For me it is much more rewarding that I expected. To be able to affect and I guess influence people through your thoughts, actions and communication is a cool thing at times. I get many emails from climbers who say, for instance, that reading about things I've struggled with and written about on my blog has helped them deal with the same issues. That's cool. It's so creative as well – I get to dip my toe in a world of creating entertainment shows, creative writing, product design, web design, film making, and performance coaching. Claire and I are constantly saying “such and such a type of person would chew their right arm off for this opportunity”.
But there is no doubt it's hard work. Absolute obsessiveness is an essential prerequisite. 'stuff it, I'm going for a pint' does not exist. Other climbers often ask “do you get pressure from your sponsors?” or even just assume that this happens. But it is actually the other way round. If there is one thing I never need it's outside pressure to climb harder!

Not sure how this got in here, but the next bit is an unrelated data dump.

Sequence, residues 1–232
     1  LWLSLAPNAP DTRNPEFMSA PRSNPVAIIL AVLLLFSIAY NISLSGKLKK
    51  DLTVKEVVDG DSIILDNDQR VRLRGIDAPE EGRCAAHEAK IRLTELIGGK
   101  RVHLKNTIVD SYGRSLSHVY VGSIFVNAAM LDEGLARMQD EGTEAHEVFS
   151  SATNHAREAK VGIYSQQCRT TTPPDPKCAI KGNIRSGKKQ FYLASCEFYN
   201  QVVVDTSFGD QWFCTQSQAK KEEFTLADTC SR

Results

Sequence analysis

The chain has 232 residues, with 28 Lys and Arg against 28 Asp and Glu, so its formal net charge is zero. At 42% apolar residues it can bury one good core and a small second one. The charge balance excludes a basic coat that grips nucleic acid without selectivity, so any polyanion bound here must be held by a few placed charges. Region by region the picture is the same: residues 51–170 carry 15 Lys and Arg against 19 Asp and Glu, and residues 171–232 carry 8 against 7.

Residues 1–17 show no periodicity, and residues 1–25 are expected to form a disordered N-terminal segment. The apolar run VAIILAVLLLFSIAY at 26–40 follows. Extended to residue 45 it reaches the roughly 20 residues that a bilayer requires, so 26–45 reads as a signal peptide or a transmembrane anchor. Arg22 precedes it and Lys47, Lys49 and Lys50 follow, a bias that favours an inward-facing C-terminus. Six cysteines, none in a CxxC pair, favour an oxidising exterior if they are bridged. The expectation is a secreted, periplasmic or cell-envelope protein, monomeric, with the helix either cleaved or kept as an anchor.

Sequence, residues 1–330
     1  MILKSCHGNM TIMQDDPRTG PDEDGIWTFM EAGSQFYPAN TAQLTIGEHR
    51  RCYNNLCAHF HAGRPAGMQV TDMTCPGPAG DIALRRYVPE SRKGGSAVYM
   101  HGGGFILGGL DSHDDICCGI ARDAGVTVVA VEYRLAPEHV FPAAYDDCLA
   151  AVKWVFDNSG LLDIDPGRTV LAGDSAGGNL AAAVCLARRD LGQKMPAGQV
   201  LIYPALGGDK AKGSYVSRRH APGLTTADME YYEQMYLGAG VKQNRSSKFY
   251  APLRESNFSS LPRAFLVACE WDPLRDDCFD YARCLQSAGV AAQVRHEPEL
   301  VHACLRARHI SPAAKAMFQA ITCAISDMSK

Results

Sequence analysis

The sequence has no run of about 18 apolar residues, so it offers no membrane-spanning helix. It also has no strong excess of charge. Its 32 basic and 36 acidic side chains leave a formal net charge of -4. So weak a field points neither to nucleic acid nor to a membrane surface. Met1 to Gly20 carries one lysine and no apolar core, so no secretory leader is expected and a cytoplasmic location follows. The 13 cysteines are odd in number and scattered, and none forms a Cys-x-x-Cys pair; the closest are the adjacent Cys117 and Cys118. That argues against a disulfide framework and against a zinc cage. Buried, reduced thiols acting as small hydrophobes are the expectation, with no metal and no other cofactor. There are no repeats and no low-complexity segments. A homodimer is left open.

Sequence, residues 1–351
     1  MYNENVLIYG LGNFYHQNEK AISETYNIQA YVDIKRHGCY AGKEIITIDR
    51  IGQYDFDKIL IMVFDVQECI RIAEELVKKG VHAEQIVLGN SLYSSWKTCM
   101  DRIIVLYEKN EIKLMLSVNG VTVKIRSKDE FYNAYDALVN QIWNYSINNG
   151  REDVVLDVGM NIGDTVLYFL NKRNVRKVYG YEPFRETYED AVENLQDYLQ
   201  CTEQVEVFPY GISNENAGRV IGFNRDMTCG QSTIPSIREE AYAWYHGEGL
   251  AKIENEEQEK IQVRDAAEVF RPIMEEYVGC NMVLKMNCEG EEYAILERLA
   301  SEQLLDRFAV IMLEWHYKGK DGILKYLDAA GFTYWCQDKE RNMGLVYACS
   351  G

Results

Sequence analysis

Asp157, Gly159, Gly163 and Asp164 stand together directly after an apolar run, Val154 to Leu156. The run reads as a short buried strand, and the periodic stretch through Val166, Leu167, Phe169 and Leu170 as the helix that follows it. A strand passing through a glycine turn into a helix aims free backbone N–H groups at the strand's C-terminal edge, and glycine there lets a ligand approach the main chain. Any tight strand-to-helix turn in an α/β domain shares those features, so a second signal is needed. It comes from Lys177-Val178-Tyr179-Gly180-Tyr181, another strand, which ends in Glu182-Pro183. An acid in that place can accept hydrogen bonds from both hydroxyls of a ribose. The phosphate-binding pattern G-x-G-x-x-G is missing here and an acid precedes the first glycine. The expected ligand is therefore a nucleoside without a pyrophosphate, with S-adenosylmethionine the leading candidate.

The best day? The worst day?
The best days are being out working moves on brick hard routes, pulling hard, going for it and sitting in the silence in between goes getting psyched for the next try.
The worst days are trying to fit in too many work things. I wish I could be like the folk that tell you they do well under pressure of deadlines, nerves or urgency. I still feel sick before giving lectures and get the stress when I hit 'send and receive'.
Why is it great being a professional climber, and why is it rubbish?
Its great because it opens you up to some of the most powerful experiences you can imagine. It's rubbish because it can take over your life in a rather unbalanced way at times.
Do you 'love' your job? Why? Why not?
Yes I love it. I get to do things that really matter to me, all day long, every day.
If a teenager said to you 'I want to be a professional climber, like you' – what would you say? Recommend it? Warn them off? Laugh?!
I do get emails from young talented climbers who ask me how to go about getting sponsored or whether they should try. Sometimes it's worth it for them just to get a free pair of shoes. But my opinion on whether they should try to go further – like ditch a university degree to try to become a world class climber is this; If you have this in you, you probably don't need to ask anyone else what they think. You KNOW this is you and there is no other option. If you are this type of climber, you are already a professional, you just need to learn more about the small matter (and it is that) of how to pay the bills.